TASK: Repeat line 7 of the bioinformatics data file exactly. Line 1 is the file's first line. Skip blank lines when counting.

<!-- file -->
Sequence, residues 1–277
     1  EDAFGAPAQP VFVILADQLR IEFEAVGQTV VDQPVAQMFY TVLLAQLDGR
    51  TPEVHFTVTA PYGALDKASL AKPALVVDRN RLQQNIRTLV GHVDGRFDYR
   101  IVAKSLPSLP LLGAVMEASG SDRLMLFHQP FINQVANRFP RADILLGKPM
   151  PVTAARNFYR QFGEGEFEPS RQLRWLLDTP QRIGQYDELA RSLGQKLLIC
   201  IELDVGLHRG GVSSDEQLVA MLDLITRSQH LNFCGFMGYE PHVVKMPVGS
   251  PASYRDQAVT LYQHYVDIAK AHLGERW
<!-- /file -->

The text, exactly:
   251  PASYRDQAVT LYQHYVDIAK AHLGERW